Back in the early seventies which were also my early days of teaching, I took off my tie one day while school was still in session. It was a very hot, you see, and owing to its location my room was exceptionally torrid. I had windows but no view unless you count a gymnasium wall a view. The sun beat off the wall, off the gravel between the wall and my windows, and into my room. So, I took my tie off late one sweltering afternoon.
My assistant department head was scandalized: "Tut, tut, tut. AC, you never take your tie off. You just don't." Being a rookie, I complied and knotted the cursed thing back up, but little did I know that I was in the vanguard of change.
It wasn't long after, maybe even the next school year that some impudent young upstart teachers took it into their youthful heads to come to school tie-less. Perhaps it began as a stroke of warm weather sensibility. And you know what? The earth continued to rotate on its axis, neither did the moon didn't fall from its orbit. In fact, I guess no one scolded them because they continued to do it. I can't remember exactly when I joined the trend for good … or mostly good, because I'm sure that I was still happy to dress up the rigours of the dress code on many days and in appropriate weather.
Let me hasten to assure you that most of us were still relatively well-dressed specimens. We'd don our dress shirts and properly pressed pants. Heckfire, I even had hair to fuss with back then. According to my recollections, that transitional phase of dress lasted for about a decade. I particularly and rather fondly recall one outfit of those times. One Christmas Cuppa gave me a wonderful red vest sweater. I loved it. With that and a clean white shirt and a tie (when I was in the mood), I felt pretty good about my appearance.
However, I did say that those were transitional times. Soon the dress shirts disappeared too. Some guys, but not many because we still had some pride, would even wear blue jeans to work. I don't think I ever did that, but I did ease into more casual and comfortable (but still decent) slacks.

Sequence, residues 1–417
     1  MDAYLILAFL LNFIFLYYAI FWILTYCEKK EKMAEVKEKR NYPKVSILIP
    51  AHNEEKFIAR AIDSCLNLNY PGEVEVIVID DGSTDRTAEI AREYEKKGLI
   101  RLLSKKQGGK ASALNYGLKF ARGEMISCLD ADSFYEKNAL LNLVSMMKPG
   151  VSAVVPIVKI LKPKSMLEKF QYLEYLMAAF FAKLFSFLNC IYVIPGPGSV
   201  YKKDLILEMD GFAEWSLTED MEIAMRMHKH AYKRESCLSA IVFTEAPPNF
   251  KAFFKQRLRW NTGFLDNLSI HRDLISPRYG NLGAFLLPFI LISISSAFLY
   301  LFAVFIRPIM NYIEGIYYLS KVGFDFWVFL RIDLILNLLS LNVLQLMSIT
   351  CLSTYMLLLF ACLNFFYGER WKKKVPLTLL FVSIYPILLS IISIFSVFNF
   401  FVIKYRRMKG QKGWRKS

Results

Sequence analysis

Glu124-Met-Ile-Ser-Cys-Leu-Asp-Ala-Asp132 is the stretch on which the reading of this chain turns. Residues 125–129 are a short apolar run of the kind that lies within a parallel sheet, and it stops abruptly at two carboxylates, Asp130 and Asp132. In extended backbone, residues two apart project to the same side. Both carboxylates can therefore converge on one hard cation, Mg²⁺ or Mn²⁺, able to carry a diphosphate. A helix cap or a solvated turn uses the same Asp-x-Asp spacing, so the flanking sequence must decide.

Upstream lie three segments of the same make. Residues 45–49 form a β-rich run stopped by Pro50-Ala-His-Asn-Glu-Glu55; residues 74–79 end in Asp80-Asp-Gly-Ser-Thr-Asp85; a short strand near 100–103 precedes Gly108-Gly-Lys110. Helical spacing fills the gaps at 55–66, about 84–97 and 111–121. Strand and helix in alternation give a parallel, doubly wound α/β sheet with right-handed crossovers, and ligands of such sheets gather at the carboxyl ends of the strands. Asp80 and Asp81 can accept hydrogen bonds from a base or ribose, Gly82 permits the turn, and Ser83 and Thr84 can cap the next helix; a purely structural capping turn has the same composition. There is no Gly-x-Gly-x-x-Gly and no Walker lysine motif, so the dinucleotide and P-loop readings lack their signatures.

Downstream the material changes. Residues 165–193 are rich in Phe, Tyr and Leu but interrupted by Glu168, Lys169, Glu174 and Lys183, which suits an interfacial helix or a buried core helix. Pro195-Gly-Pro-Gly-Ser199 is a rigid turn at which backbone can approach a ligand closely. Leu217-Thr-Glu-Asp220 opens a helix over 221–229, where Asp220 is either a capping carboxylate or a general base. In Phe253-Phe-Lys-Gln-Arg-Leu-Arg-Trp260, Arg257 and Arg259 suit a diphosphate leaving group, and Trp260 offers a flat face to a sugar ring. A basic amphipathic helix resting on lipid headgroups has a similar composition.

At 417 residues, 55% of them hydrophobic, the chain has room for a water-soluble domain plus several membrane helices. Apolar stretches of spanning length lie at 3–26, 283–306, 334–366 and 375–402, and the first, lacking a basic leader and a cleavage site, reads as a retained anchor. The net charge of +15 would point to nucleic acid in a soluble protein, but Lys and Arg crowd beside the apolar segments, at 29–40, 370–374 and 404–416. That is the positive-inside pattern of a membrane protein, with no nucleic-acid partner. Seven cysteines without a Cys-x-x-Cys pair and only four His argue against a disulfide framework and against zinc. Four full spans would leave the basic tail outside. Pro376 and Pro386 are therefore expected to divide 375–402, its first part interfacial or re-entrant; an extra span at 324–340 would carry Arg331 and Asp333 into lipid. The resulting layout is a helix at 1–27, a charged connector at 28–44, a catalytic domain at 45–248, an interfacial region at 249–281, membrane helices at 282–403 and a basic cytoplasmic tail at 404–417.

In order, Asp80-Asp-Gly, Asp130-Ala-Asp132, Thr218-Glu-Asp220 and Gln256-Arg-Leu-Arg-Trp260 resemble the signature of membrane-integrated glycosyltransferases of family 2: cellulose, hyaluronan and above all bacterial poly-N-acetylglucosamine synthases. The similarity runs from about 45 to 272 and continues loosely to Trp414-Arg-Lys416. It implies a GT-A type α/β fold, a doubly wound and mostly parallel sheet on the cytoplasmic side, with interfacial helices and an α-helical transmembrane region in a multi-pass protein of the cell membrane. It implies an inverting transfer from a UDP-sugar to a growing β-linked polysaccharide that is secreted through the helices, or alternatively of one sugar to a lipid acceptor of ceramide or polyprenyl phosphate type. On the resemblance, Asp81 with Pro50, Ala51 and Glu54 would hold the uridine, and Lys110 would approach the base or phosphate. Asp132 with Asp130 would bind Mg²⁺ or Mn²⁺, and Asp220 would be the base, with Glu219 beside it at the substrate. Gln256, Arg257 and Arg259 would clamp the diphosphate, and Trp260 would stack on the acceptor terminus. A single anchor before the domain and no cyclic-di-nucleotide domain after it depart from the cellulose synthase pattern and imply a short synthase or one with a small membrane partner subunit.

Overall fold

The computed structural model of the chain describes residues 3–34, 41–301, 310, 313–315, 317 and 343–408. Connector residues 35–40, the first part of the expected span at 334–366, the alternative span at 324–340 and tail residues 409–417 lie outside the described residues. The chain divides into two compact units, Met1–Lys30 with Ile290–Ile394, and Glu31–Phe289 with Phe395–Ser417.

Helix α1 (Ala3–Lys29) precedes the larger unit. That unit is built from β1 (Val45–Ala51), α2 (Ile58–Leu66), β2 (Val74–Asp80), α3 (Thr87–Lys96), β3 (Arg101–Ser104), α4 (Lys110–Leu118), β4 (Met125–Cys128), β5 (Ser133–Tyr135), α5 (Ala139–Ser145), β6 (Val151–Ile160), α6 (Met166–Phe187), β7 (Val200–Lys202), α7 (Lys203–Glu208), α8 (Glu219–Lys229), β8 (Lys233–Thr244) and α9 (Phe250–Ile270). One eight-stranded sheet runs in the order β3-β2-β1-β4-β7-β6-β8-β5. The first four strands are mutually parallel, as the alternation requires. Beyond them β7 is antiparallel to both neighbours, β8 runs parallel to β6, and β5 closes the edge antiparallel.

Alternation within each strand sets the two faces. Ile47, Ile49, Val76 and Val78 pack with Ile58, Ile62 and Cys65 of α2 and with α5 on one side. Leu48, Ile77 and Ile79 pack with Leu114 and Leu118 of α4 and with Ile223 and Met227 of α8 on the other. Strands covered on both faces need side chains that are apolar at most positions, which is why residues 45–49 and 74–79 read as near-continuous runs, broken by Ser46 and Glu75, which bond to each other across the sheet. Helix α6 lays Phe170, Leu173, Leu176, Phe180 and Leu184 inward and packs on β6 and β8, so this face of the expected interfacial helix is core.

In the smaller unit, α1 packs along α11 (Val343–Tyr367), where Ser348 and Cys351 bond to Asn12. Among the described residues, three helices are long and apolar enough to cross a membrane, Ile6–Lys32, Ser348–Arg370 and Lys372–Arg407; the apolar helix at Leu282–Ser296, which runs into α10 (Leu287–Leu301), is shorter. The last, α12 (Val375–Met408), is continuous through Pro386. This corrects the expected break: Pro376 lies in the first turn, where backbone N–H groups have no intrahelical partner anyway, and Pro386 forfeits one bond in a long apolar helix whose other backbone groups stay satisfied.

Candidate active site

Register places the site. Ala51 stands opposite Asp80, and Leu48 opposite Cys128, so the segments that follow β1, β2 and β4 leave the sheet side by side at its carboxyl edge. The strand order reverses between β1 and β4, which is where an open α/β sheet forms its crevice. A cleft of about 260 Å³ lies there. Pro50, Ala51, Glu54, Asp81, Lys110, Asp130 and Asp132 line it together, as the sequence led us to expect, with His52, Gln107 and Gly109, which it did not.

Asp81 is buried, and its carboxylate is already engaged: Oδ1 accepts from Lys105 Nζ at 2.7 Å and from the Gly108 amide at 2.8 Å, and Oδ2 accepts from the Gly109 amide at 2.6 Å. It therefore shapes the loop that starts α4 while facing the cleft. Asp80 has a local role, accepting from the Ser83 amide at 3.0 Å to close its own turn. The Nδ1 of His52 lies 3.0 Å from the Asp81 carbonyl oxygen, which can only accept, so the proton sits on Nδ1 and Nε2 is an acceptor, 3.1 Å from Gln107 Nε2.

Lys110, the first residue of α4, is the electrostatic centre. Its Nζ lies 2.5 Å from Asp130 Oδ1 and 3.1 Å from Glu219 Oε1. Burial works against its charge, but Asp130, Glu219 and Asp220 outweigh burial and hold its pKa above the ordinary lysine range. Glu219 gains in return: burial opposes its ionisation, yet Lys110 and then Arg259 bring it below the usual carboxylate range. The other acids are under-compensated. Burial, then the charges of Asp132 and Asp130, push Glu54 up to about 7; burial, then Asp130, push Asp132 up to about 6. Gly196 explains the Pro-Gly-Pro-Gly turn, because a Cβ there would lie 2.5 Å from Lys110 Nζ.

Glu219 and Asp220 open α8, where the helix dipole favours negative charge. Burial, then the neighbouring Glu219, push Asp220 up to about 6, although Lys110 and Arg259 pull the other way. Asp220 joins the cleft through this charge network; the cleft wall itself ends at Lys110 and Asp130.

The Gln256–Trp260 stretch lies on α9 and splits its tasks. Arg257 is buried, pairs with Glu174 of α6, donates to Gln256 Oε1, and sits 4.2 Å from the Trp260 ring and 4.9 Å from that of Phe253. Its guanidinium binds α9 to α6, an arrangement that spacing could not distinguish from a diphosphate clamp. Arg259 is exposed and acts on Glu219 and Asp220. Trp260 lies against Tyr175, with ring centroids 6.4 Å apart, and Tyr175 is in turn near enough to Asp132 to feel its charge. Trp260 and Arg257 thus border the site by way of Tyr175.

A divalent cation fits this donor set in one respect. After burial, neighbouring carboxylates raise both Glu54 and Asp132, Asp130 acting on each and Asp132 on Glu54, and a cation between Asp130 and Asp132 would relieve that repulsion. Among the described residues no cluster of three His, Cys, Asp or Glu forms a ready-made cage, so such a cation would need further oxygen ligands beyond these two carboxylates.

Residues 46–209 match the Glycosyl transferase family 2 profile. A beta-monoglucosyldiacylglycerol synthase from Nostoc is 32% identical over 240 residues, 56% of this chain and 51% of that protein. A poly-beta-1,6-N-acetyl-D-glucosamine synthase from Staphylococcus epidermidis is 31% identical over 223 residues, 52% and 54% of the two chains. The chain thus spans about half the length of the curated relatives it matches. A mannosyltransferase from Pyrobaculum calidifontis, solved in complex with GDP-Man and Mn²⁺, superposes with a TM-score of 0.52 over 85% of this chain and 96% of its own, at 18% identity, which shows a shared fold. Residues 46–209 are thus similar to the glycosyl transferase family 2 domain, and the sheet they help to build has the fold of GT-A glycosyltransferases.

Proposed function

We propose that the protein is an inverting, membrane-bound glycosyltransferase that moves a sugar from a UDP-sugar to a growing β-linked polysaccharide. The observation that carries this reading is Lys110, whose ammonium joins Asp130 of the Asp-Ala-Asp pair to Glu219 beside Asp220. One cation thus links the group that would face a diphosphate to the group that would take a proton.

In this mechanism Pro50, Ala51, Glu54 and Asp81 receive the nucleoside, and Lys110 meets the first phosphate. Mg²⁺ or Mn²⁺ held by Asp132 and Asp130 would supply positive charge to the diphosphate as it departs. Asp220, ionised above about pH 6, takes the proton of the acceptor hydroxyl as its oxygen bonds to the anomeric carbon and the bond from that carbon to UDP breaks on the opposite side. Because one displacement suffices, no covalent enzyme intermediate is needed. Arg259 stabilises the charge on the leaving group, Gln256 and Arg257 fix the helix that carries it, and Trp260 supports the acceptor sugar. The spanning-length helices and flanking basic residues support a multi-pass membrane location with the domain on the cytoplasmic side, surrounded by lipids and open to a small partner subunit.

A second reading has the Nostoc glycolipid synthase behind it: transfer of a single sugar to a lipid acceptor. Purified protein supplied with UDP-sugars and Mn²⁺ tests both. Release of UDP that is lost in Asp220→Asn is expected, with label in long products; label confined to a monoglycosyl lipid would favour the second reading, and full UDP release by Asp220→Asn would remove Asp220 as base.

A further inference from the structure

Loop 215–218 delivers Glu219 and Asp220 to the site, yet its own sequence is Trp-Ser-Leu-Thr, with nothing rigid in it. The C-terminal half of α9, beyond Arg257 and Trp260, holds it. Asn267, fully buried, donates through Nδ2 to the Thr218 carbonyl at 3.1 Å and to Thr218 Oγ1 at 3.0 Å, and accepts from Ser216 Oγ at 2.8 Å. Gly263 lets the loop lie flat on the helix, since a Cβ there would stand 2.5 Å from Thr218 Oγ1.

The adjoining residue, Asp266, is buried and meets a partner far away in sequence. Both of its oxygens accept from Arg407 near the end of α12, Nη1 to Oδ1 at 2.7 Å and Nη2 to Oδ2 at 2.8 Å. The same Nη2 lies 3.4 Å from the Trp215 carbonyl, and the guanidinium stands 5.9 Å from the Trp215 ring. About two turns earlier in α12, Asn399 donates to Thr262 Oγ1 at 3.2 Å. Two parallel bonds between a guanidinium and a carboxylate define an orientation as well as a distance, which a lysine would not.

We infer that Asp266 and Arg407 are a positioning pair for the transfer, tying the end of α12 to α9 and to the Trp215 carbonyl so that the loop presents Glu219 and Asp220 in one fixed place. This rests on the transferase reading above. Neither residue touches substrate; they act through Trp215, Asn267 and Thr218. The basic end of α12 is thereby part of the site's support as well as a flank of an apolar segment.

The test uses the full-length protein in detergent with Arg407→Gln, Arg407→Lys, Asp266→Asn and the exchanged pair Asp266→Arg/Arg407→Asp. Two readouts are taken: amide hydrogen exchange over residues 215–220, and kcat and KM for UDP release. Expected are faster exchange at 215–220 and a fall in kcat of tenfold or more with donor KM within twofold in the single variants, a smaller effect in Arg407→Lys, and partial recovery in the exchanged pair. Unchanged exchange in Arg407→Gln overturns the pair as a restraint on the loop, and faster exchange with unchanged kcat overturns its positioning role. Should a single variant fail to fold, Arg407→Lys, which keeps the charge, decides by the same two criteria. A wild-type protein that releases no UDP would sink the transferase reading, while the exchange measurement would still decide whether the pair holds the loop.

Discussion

It wasn't just a set of rebellious young teachers, however; a whole societal change was occurring. As I have recently posted, we have recently attended concerts in rather plush venues and even churches – okay one plush concert hall and one church. Of course, I dressed up a little for those events: put on dress pants and worn spiffier-than-average sweaters. But I needn't have bothered … because few others did. Denims and other very casual clothes seem to comprise the sum total of the modern wardrobe. I don't condemn that, for those items are the staples of my wardrobe too; comfort is important after all. I am merely surprised by the degree to which we have changed and the relative rapidity of the transformation.
I look at photos and film clips of old sports events. Even at hockey games and baseball games, the gents were all suited up. It doesn't make much sense to us now, but that was the way of it. Perhaps it felt like an achievement to be able to dress up and go out. I don't know.
I wonder if this is mostly a North American phenomenon. I understand that Europeans are much more fashion conscious, for example. I also recently saw pictures of business people in one of the Australian cities at lunch time. Based on those pictures and when the photographers reported, black business dress is most assuredly still in fashion Down Under.
Personally, as long as we are clean and neat, I prefer the casual look and feel. What about you?